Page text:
I find myself in agreement with almost everything you post; I think the Benedict Option is a no-brainer; I believe religious liberty is already significantly curtailed in the public sphere; I have no doubt that a person like me is anathema to cultural elites; and I am strongly skeptical that there is a legislative or political path towards a more friendly, plural, tolerant equilibrium.

So, let me try to put in words what I felt the urge to share. Basically, I’m increasingly worried about what comes next for masculinity given the current state of affairs, but it isn’t socialism that is concerning me. It’s fascism.

In the particular case of your young millennial incel correspondent, his interest in socialism is either going to be stable and anodyne — great, another boring white ally to the left who reliably votes Democrat, big whoop — or dramatic and short lived: I can’t see any actual socialist organizations, or far left groups, being a friendly home to a dude like this. I’m not going to make fun either, because there but for the grace of God go I, but he’s not their target demographic and will be unlikely to form meaningful bonds with any of those communities.

But you know what is a really friendly home to a dude like this? The white nationalist far right, online and offline. Based on a cursory review of photos and videos from the Charlottesville marches and similar events, the current movement strongly over-indexes on incels and their ilk. If the primary draw to Catholicism was the exotic beauty of the Latin and the sacredness of the music, then I can’t help but think the pomp, regalia, and tradition of national socialism will also resonate.

This is a single case, but I think there’s a broader truth to this. Young men (like me) have come of age in an environment where the dominant view is that straight white maleness is the problem, and where their economic prospects and likelihood of being able to develop a stable and loving family in a community oriented towards that family’s success are both worse than they ever should be. Your correspondent self-identifies with a label that comprises overwhelmingly white, virulently racist and misogynist young men who are already glorifying radical violence. This isn’t a good set of identifiers for what could be a very large constituency.

SJWs and the far left aren’t capitalizing on this growing disaffection: in fact, they are making it worse. I’m not sure the far right is capitalizing on it yet either, at least to an extent that we should be worried, but it’s only a matter of time before someone is able to effectively communicate to this group and say you know what, you’re right to feel aggrieved and you’re right to hate the people who’ve taken your prospects from you. You’ve been told that your identity is the problem, but really it’s the thing that we can build a movement on. SJWs and libs have prevented you from having what is dutifully yours: respect, a meaningful role in society, a family. Sorry, let me rephrase that. The far right is already implicitly and explicitly doing this; I just don’t think they’ve been able to do it to the scale they could yet.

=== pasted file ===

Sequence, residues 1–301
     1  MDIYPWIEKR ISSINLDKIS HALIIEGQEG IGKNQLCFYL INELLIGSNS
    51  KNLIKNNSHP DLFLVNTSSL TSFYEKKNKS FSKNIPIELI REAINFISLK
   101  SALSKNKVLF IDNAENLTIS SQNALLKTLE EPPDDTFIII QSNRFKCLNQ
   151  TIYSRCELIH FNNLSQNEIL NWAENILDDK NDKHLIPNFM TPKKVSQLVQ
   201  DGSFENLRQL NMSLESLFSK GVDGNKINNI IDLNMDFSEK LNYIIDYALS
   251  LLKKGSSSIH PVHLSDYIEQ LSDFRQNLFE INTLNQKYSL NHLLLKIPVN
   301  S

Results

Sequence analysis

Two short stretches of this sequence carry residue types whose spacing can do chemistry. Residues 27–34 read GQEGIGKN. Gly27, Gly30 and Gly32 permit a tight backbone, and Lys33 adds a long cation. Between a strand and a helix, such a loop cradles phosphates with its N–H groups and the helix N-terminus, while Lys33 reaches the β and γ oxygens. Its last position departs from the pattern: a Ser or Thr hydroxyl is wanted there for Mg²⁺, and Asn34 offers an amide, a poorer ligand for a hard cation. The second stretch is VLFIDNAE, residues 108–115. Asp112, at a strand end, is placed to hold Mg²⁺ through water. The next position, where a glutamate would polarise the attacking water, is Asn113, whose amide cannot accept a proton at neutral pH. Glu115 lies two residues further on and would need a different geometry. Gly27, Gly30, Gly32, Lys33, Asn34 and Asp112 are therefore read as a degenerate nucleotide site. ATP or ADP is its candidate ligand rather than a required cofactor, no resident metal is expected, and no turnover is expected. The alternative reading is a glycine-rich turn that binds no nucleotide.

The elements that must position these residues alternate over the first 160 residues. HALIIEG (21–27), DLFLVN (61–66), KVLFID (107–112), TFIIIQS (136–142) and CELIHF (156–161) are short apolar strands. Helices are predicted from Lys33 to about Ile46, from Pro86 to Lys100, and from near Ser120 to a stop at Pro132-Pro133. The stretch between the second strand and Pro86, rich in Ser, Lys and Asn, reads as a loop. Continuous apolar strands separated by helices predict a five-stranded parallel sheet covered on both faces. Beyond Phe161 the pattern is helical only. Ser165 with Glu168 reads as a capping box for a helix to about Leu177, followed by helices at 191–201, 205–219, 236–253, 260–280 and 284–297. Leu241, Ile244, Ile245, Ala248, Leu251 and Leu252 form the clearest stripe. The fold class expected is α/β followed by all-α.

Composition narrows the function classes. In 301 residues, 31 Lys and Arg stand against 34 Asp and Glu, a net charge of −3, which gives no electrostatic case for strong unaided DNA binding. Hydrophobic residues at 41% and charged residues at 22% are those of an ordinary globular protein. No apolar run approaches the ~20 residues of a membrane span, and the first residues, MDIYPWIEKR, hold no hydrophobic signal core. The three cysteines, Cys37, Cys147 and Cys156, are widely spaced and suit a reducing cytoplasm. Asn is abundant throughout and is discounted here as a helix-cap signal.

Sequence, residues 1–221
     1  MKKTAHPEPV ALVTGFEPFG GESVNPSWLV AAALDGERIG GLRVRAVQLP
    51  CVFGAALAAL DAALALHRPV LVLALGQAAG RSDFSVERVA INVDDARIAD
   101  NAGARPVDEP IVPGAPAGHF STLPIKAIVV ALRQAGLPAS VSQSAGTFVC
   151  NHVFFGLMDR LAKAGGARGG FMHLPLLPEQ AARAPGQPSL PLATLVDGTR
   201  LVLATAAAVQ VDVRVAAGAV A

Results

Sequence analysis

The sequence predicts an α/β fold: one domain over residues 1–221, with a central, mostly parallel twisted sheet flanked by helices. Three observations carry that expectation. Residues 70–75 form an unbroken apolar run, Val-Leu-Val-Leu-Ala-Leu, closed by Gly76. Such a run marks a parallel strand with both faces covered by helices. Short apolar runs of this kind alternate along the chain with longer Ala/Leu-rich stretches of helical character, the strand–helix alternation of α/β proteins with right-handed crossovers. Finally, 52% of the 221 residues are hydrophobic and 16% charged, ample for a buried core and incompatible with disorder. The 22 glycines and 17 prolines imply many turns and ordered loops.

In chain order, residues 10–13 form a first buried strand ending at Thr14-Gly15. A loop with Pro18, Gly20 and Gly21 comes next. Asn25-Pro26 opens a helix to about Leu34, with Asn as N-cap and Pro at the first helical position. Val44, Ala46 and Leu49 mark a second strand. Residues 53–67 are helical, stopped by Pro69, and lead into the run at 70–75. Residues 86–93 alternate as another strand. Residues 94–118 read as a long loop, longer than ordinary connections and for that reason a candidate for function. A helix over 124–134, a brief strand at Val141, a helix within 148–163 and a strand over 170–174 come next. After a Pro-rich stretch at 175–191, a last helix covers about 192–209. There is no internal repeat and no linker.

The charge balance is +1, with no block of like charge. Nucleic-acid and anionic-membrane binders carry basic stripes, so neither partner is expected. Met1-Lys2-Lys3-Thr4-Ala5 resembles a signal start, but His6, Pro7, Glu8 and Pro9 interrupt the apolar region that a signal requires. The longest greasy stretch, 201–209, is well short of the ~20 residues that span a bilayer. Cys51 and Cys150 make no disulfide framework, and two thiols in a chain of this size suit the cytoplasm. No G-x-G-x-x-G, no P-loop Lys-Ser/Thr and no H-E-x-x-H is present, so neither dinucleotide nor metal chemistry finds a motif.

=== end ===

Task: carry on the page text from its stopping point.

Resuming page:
So while I agree with 99% of your writing, to think about this as an issue of Incels and Socialism is to miss the forest for the tree. There’s a whole lot of disaffected young white men out there just like your correspondent, and they aren’t going to become SJWs in service of a radical left agenda. They are perfect recruits for a radical right, hate-based movement that will tell them to embrace their grievances, and give them a way to get back at the institutions and individuals that held them down for so long.

More broadly, I guess what motivated me to write is the tension I feel as a young white male who also tries to be an orthodox Christian. On one hand, I know that if I were to clearly and unequivocally state my beliefs about gender ideology I would lose my job. On the other, I know that the disaffection that got Trump elected is putting people like me on a path to nowhere good.

about the author

Rod Dreher is a senior editor at The American Conservative. He has written and edited for the New York Post, The Dallas Morning News, National Review, the South Florida Sun-Sentinel, the Washington Times, and the Baton Rouge Advocate. Rod’s commentary has been published in The Wall Street Journal, Commentary, the Weekly Standard, Beliefnet, and Real Simple, among other publications, and he has appeared on NPR, ABC News, CNN, Fox News, MSNBC, and the BBC. He lives in Baton Rouge, Louisiana, with his wife Julie and their three children. He has also written four books, The Little Way of Ruthie Leming, Crunchy Cons, How Dante Can Save Your Life, and The Benedict Option.